What is dengue?
Dengue fever is a viral disease spread by mosquitoes. Four closely related viruses cause dengue. It is the fastest-growing mosquito-borne viral infection in the world.
Symptoms of the disease include fever, headache, pain behind the eyes, muscle and joint pain, and rash.
Around 2.5% of people affected by severe dengue die from the disease. There is no cure for infection.
Dengue fever can, in some cases, be life-threatening. Severe dengue causes abdominal pain and vomiting, breathing difficulties and a decrease in blood platelets that can lead to internal bleeding.
Where is dengue most common?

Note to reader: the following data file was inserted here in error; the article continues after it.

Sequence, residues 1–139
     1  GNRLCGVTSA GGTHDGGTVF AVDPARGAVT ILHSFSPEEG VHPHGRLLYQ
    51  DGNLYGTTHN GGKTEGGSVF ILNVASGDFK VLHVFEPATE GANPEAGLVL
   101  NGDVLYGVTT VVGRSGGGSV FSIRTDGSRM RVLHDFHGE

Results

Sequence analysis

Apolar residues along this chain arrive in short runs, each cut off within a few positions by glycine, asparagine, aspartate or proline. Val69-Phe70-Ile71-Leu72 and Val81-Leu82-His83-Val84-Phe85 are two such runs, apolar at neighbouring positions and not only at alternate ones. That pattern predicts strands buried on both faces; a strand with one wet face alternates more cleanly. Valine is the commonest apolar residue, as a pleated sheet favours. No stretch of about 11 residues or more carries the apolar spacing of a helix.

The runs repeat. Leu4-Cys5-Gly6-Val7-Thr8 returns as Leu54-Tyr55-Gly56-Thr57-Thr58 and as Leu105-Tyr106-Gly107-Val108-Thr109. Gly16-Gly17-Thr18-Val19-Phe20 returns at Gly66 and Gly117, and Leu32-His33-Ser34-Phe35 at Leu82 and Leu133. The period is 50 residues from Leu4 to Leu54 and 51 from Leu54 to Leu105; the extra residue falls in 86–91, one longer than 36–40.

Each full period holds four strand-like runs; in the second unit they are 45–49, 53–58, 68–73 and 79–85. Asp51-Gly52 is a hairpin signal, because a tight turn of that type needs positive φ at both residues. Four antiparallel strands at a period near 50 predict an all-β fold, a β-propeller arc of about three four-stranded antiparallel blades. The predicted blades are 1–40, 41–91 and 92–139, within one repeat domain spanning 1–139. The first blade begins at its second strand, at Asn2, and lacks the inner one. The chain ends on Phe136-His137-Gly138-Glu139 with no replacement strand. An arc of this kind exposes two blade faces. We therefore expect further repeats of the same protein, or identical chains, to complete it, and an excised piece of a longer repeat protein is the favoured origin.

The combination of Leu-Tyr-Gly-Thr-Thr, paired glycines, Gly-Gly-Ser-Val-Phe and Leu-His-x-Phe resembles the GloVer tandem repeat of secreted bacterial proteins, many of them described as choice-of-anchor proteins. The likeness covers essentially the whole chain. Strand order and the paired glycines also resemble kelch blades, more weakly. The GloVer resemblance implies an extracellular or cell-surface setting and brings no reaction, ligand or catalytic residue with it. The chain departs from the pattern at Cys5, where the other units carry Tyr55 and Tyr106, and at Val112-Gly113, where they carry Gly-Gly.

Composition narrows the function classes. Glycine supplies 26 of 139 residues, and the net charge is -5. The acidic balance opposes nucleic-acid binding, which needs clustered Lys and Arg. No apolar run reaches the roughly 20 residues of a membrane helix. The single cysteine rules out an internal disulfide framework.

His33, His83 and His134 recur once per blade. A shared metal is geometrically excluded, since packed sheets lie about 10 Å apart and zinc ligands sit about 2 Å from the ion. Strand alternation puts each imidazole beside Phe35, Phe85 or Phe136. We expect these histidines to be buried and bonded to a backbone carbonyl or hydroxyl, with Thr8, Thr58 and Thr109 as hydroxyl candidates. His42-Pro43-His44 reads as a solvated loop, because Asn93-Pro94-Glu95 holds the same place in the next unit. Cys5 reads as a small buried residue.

Dengue is present in over 150 countries – more than 40% of the world’s population live in at-risk areas. While most reported cases are in Latin America, Southeast Asia, and the Western Pacific, dengue also is present in many African countries. The disease is spreading to parts of Europe, the USA and China.
Who is affected and who is most at risk?
The World Health Organization (WHO) estimates that about 40% of the world’s population is at risk of being infected with dengue. All age groups are at risk.